SP-A and SP-D play important roles in asthma [128, 129]. Studies have shown that SP-A and SP-D levels are lower in asthmatics than in healthy subjects and are inversely correlated with asthma severity [132, 133], possibly due to their role as scavengers in a chronically inflammatory environment that constantly depletes them. In addition, chronic inflammation can cause damage to alveolar type 2 cells, resulting in reduced secretion [127], and a study by Yousefi et al. found that SP-D inhibited eosinophil activation and blocked the formation of EETs. This effect is completely lost when SP-D is S-nitrosylated [134]. Furthermore, the integrity of the SP-D structure is more severely compromised in BALF and serum samples from patients with severe asthma, as observed in a study by Mackay et al. [132]. This may partially explain the decreased levels of SP-D and increased levels of EETs in patients with severe asthma.

Exogenous pulmonary surfactant was tried in the 1960s and found to be effective in premature infants with respiratory distress syndrome. It has since been used in children with pneumonia, acute lung injury, or acute respiratory distress syndrome. However, it has been observed that pulmonary surfactant administration is not beneficial in adults with acute lung injury or acute respiratory distress syndrome [128].

Despite the potential benefits of pulmonary surfactants in the treatment of respiratory diseases, their clinical applications still face significant challenges. One of these challenges is the difficulty in developing formulations that combine stability and solubility, particularly in the case of SP-D due to its complex structural properties. In addition, immune response and large-scale mass production pose further challenges to widespread use of pulmonary surfactants [128, 135]. To address these issues, smaller human recombinant trimeric fragments of SP-A and SP-D have been successfully developed [136]. However, the efficacy of SP-D supplementation in the treatment of asthma and other respiratory diseases is still not fully understood. Nevertheless, the use of exogenous supplementation with recombinant SP-A and SP-D may represent a promising new direction in the treatment of inflammatory respiratory diseases [127].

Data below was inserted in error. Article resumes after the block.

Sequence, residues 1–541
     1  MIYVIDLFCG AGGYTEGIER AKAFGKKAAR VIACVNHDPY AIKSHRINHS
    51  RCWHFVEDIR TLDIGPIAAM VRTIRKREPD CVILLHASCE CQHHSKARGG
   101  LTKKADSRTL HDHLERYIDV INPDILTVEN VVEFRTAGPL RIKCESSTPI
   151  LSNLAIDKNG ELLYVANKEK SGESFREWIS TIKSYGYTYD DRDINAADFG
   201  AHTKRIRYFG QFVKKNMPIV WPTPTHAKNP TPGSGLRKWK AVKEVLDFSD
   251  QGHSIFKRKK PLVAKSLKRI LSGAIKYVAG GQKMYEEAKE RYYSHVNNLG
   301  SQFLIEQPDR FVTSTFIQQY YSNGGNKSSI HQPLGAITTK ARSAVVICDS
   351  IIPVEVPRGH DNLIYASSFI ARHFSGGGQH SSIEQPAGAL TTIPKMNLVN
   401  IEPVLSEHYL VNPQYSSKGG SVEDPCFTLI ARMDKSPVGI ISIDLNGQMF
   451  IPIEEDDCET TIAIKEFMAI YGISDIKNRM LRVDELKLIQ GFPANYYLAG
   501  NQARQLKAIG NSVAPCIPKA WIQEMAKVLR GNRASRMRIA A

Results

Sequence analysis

Other treatments

Cysteinyl leukotriene (cysLT) induces eosinophil inflammation, where activation of the cysLT1 receptor induces bronchoconstriction, airway edema, and mucus secretion in asthmatic patients. Cunha et al. found that the cysLT synthase inhibitor MK-886 and the cysLT1 receptor antagonist MK-571 reduced airway EETs formation in OVA-challenged mice [137]. Both MK-886 and MK-571 have been tested in asthma patients, and studies have shown that they reduce asthma symptoms, β2 agonist dose, and bronchoconstriction induced by exposure to allergens, exercise, aspirin, and cold air [138,139,140,141,142,143]. These studies offer the possibility of developing appropriate targeted therapies for EETs, but further studies are needed to confirm this.

Autophagy plays a crucial role in inflammatory diseases, and its role is closely related to the severity of asthma through eosinophil inflammation [144]. Silveira et al. found that treatment with the autophagy inhibitor 3-methyladenine reduced the formation of airway EETs in OVA-challenged mice, thereby reducing the airway immunopathological manifestations of asthma[145]. There are no clinical trials of autophagy inhibitors in asthma patients, and further studies are needed to assess their future therapeutic potential.